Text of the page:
Day 2, Monday, 19 January, 2016
They say that the magic of the World Economic Forum at Davos happens in the corridors. It’s not necessarily the leaders you listen to on the staged panels. They are great and insightful, of course, but the real learning happens in the chance meetings in the corridors. Walking between events, taking the bus around town, sitting in a coffee shop. This is where you meet real people and learn their stories. For me, today was such a day.
Today I found myself in the shoes of a refugee, understanding the complexity of life in the Middle East and the trials people go through in order to survive. Meeting the Director of the Schwab Foundation of Social Entrepreneurship was insightful. I moderated a panel on ‘Peace and Progress’ with former US Vice President and Nobel Prize winner Al Gore. We were on the same train to Davos this morning, and he was kind enough to walk me through his work on the migrant crisis in Europe following the Syrian civil war and the exodus of North Africans across the Mediterranean Sea.
What struck me the most was the candid manner in which he spoke about human rights and how humanity has assumed rights over land, sea, air, and other resources. A roll of the dice decides our future and governs the manner in which we are treated forevermore. Why is it that the people who are being subjected to torture, abuse, violence, and bloodshed are being denied a safe haven in developed countries, and are instead being forced to follow lengthy processes to avail asylum? Why is it that we, in the West, believe that we are somehow superior to all others and erect rules and regulations to prevent others from enjoying the same rights and privileges that we allow ourselves?
Ironically, looking at past statistics of migration, it is the net movement of immigrants from the developing world into countries like the USA and the UK that has allowed those countries to build themselves up into the global powers they are today. More than 50% of all the patents filed in the USA are by individuals of Indian origin. People from foreign backgrounds staff around 40% of the National Health Service, a world champion provider of healthcare services. In Germany, businesses started by people of Turkish origin are increasing by 18% YoY, whereas those started by people of German background are reducing by 8% YoY. These are staggering numbers and only highlight some of the great examples of what immigrants’ ideas and energy bring to an ecosystem.
But, putting this economic argument aside, there is the question of being human. Aren’t we all the same? Shouldn’t we extend the same level of care and support to our fellow humans no matter which country’s passport they hold?
With all these ideas racing through my head, I sat down to lunch and sparked up a conversation with one of the bravest people I have ever met. A fellow WEF Global Shaper from Gaza in Palestine, she told me the story of her life back home, about the three wars she and her little brothers had to endure in the last five years. How their first words after “mummy” and “daddy” were “rocket” and “bomb”. Till that day she instinctively hid under a bed if she heard a large explosion, and the rolling sound of our suitcase wheels on the cobbled paths reminded her of gunfire and brought tears to her eyes.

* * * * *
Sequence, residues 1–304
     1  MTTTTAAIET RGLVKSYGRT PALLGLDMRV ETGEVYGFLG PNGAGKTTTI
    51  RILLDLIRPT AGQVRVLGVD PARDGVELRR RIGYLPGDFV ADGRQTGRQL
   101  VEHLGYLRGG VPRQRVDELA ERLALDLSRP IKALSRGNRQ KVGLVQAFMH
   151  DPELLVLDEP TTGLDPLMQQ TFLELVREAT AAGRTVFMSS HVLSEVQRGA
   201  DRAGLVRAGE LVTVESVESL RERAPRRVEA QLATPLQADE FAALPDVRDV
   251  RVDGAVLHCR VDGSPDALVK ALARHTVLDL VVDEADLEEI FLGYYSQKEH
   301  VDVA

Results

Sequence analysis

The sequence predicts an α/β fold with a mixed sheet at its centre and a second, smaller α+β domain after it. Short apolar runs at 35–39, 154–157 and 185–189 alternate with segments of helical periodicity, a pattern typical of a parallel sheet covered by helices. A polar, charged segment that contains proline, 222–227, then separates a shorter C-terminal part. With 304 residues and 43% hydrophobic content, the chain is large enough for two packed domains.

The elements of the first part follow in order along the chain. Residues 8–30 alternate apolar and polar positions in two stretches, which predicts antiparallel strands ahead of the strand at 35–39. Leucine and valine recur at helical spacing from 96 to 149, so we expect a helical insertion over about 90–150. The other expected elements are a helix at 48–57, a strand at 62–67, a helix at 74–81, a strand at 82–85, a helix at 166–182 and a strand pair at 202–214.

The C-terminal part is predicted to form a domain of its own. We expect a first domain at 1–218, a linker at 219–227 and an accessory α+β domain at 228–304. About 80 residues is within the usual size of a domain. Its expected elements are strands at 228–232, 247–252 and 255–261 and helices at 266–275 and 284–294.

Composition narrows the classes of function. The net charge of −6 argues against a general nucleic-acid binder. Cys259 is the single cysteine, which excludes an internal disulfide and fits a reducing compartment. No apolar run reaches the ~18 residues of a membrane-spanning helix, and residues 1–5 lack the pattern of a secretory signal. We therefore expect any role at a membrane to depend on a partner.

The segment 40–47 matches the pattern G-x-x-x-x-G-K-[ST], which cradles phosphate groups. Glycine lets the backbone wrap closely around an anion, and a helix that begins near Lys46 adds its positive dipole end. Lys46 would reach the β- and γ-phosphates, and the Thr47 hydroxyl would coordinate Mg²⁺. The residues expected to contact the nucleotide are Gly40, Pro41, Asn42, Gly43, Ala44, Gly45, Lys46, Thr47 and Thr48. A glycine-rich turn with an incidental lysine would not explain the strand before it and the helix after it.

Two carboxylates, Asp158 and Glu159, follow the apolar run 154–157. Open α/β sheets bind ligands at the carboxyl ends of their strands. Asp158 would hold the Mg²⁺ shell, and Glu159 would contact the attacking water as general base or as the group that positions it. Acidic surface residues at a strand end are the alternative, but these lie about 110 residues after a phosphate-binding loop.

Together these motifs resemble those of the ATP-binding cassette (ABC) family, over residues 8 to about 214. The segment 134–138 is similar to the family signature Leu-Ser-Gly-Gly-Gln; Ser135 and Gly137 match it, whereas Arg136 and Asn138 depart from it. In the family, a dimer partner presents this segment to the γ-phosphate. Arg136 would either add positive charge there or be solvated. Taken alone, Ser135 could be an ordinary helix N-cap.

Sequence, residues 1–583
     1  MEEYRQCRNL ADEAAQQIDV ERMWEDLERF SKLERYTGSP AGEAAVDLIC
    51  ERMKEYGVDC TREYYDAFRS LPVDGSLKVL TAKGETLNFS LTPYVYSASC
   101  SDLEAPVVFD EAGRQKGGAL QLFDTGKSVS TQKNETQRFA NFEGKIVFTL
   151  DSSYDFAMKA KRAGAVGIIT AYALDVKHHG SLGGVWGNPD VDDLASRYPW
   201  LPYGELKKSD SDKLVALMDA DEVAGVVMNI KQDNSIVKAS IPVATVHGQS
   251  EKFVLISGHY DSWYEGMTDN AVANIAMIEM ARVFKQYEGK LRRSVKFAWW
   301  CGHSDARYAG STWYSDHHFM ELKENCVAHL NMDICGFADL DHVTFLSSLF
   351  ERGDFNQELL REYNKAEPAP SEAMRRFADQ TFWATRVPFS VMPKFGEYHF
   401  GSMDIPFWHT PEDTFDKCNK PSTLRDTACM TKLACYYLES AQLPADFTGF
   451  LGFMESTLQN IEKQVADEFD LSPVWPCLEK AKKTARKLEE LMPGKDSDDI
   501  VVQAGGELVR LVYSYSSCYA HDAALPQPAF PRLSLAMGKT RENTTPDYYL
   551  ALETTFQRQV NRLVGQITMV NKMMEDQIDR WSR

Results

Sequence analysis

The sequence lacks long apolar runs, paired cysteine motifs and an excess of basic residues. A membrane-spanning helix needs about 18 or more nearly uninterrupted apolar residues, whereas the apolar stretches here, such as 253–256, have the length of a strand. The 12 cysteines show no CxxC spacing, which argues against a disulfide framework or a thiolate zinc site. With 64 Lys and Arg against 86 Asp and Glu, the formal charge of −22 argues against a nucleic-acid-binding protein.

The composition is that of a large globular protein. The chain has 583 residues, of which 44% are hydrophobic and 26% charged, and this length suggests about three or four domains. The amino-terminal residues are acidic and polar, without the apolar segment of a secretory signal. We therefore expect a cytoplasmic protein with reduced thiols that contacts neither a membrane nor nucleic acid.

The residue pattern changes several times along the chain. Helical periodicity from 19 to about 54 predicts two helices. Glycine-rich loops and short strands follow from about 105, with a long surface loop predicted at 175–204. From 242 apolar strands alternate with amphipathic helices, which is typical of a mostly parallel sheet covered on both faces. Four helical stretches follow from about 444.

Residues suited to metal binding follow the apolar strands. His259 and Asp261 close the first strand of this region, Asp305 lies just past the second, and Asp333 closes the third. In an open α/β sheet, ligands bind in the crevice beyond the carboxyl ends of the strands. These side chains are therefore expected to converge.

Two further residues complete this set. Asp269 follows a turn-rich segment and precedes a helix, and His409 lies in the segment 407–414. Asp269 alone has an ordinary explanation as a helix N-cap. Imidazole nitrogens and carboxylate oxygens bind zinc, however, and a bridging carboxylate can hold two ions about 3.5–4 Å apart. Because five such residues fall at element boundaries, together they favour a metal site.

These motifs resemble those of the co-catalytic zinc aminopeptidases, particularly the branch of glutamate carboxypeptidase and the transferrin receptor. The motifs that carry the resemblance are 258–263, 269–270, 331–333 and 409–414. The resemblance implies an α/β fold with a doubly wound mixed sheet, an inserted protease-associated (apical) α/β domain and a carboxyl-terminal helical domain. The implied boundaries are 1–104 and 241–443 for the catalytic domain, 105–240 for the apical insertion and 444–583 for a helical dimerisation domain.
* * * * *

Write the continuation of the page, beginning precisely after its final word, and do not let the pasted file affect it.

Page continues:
She had lost so much, but yet has so much to offer. Her uncle and cousin were killed by the Israeli forces, but she still talks about peace and about her inner strength that is holding on to the hope that one day her family will be free and will live life normally again. All she wants to do is meet her girlfriends in a coffee shop and talk about normal life again, without fear of persecution and violence. The tunnels bringing in supplies from Egypt were closed off in 2013, and since then the 1.8 million people in Gaza have had to rely upon foreign aid and hand-me-downs.
Just imagine what it must be like to live each day like this. To not be allowed to leave your city and explore the world. To have only three hours of electricity each day, and to wonder each evening if the planes flying overhead will drop another bomb on your community. How is this human?
I am filled with a sense of gratitude for how lucky I am, for the freedoms I enjoy and the life I lead with my friends and family at home. But, the conversation also charged me with a sense of justice and the need to spread awareness among and engage with people who believe in maintaining the status quo. It was our great ancestors who stood up and walked out of the plains of Africa as humanity explored the world. We enjoyed these freedoms once before, when we were stewards of this planet and shared it all equally with each other and with nature. It is time we once again remembered our past and protected our future.
Dr. Marcus Ranney is Vice-President at RoundGlass Partners and a Global Shaper at the World Economic Forum. He completed his Bachelors of Science and Medical degrees from University College Medical School in London. He has served as a medical officer in the Royal Air Force and at NASA’s Kennedy Space Center for a shuttle mission to the International Space Station. Find him on Twitter at @docmranney.